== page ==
No freshies :(


Migration to Summer Camp

Lately the temperatures have been hovering around -45 F, which makes it feel like summer. I only have to wear 2 layers beneath my Big Red instead of 4. Accompanying the warm temps are high winds so snow is blowing around everywhere creating giant drifts right where we shoveled the drifts a couple weeks ago for our summer opening tasks.

Two days ago, after breakfast, the winds died down and the sun had a sweet halo around it. I got the sudden urge to move from my A1-118 room to the J13-3 room. The jamesways are about a 1/2 mile from the station. Walking to them from the station ain't bad since the wind is almost always against your back, but waking up at 2:30 AM and walking to the elevated station, walking into the wind, with a windchill of -70 F and sleep still in the eyes and no coffee and no bathroom (just an empty bottle) to go potty in is a big wake up call. I've created the habit of having my ECW and chef clothing next to my backpack in the jamesway room so that when I wake up all I have to do is throw my chef gear in my bag, bundle up and walk to work, head down fur up just follow the dozer tracks until I hit the stairs of DZ.

Here's a synopsis of the move.

I packed up everything in my room into two suitcases and the two orange bags that they give us in Christchurch, NZ. Half of my stuff is blankets and chef outfits, the other half is fake flowers, black lights and gym clothing. I drug the bags outside of DZ and shoveled out a wee little yellow sled.

I then pulled the bags to my new home.

There are still huge piles of snow around the jamesways so it took a bit for me to wander through the snow maze to get to J-13.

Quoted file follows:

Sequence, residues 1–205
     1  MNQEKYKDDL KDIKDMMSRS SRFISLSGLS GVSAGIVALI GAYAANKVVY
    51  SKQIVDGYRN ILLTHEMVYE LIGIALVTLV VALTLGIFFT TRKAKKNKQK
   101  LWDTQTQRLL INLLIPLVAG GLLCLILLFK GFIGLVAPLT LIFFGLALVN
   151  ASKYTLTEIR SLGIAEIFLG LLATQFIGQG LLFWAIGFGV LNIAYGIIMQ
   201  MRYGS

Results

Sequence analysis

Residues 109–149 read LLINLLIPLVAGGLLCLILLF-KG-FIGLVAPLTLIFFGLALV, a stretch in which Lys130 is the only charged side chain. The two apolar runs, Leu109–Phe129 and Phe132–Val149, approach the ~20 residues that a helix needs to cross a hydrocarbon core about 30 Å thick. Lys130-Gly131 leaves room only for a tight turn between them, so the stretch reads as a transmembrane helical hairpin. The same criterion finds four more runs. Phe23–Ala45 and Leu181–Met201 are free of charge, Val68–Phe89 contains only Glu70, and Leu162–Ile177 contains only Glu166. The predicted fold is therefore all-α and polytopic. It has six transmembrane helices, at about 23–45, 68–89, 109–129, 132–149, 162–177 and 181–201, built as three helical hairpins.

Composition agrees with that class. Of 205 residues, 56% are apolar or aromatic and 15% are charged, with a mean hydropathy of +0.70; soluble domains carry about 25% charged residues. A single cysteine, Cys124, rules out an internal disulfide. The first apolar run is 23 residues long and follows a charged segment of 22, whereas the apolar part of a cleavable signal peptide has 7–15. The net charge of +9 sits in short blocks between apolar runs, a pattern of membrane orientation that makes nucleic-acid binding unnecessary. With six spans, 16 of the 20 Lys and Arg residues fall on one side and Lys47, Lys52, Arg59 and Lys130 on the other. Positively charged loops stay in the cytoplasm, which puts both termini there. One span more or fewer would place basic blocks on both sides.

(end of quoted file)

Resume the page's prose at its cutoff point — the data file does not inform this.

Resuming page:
Home sweet home.

Inside the thermostat is at 65 F and it is 65 F right next to the heater, but against the walls in the rooms it's more like 45 F. That reminds me, I need to bring out another 3 blankets today to insulate the walls because last night I had snow drifting onto my matress right next to my feet. The jamesways are well aged and look as if they were pulled out from a vietnam war US military camp, dropped onto the Ice and had a heater thrown onto the side. There are cool drawings all over the place and eerie red lights keep the hallway lit.

This is when I first got to my room. Boring.

Here's the view of my room (to the left) and another room (to the right) from across the tiny hall.

After a few hours I had the room tronikfied (yes, that's a new word, but the galley staff will understand).

This is way more like it. The first Basler plane has been delayed several times and the earliest we will see new faces is Wed. of next week. That means I get the jamesway to myself (: for a bit longer and it will keep quiet. Lying in bed you can hear/feel the ice crack and I wonder where that cracking is coming from... maybe it's from two miles below me where there are giant mountains and hidden waterfalls and possiblly penguinish aliens.

Here's the view of the frontyard.